The key to building supportive relationships is feeling that you can be your sincere self. That doesn't mean you behave like a little kid of course! But that means developing your own internal language and interactions, where you know your innate preferences and stay true to them.

If you find yourself in a relationship or a dynamic in which you feel you need to talk, wear or behave like someone else, it's time to ask yourself if you are violating. If so, my next questions for you are if this is really needed? Did you try to be yourself in this relationship, or were you too anxious to take the risk? If the relationship fails without breaking, you should re-evaluate your participation.

3. Is the relationship sustainable or temporary?

Supporting dynamics do not tend to offer longevity queries. Of course life changes, needs evolve and people continue their relationships or jobs all the time. But in general, if a relationship is supportive, you won't find yourself worried about whether that interaction will persist or how it might end. Sustainability is a given when support is reciprocal and rewarding.

Subversive relationships often have a sense of temporality in them. There is a sense that if you do not compensate for yourself to suit someone else's preferences, the relationship does not stand a chance. If you feel fragmented or worried that being yourself and making your needs known in a relationship will lead to the termination of the relationship, you are violating yourself. It may work to maintain the relationship for a limited period, but neither you nor the relationship will thrive.

Make the adjustment

When considering how you would like to address a relationship you are breaking into, I invite you to remember one of my key phrases to live by: You can never change someone else's behavior. You can only customize your own.

As you make the changes needed to direct the relationship off the ground in a more self-centered, supportive direction, your counterpart will also have to adjust in response. And you really have no way of predicting how that will go. Their response may not be what you were hoping for, or it might be better than you expect. But their changes will often reveal your next steps as you try to change a relationship into a more supportive relationship.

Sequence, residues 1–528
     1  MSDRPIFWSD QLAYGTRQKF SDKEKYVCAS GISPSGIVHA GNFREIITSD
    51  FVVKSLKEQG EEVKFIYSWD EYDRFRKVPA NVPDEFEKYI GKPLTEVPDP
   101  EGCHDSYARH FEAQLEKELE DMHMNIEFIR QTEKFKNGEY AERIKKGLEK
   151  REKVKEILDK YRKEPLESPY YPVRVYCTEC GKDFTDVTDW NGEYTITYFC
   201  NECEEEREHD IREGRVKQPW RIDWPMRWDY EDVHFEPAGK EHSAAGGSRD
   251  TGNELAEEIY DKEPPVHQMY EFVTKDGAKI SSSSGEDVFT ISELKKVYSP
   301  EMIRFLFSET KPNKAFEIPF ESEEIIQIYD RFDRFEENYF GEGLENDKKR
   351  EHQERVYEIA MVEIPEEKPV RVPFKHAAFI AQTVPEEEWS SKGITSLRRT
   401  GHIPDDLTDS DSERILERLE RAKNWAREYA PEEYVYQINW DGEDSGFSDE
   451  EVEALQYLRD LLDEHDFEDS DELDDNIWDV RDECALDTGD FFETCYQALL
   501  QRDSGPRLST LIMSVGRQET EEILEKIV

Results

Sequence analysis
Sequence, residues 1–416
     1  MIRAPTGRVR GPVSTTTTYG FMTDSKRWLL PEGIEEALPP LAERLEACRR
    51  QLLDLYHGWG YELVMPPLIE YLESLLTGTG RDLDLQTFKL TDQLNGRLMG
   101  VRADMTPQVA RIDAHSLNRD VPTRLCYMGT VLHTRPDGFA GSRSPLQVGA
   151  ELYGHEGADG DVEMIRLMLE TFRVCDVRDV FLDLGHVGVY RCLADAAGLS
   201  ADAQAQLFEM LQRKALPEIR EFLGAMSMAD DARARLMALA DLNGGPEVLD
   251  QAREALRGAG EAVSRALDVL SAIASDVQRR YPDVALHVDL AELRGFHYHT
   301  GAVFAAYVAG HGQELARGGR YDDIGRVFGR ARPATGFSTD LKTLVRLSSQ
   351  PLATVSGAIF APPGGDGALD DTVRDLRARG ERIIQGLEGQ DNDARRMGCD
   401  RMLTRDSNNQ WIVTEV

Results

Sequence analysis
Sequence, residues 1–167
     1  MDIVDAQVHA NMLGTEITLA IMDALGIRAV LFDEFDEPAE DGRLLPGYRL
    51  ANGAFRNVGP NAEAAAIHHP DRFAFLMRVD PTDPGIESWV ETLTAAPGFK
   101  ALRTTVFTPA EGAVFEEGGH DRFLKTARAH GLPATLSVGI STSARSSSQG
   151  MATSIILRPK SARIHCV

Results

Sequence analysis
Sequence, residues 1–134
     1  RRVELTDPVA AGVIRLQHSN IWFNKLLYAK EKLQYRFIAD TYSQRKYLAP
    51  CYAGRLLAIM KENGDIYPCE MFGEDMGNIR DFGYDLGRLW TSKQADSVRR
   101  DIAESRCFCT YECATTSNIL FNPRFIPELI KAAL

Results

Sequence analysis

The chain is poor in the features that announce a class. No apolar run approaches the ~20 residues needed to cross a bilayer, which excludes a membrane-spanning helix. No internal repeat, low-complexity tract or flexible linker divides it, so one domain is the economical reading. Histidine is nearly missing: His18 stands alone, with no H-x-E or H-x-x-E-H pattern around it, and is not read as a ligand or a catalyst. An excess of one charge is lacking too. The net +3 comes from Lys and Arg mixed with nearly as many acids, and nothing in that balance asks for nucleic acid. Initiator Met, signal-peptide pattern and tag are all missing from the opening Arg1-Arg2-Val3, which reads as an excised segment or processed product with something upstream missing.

Sometimes relationships hit the road. Misunderstandings can occur. There may even be betrayals that cause deep sores. But if you find yourself consistently having a interpersonal problem and just venting for it doesn't help, I'm guessing you're facing a situation that requires you to contort. Think of your feelings as a red flag, a warning sign that you are leaving a support zone. You are invited to a situation that is not offered to recognize or appreciate your true self and your preferences.

Compromise is a part of life and it is something we do in ways big and small every day. This is the nature of a supportive environment. However, sacrifice, while necessary at times, is not recommended as a way to live a healthy, functional relationship over time.

A compassionate healer can help you bring your authentic self into your relationships. Remember that your needs matter. There is no shame in needing support.




© Copyright 2019 GoodTherapy.org. All rights reserved. Publication permission is granted by Alena Gerst, LCSW, RYT, therapist in New York, NY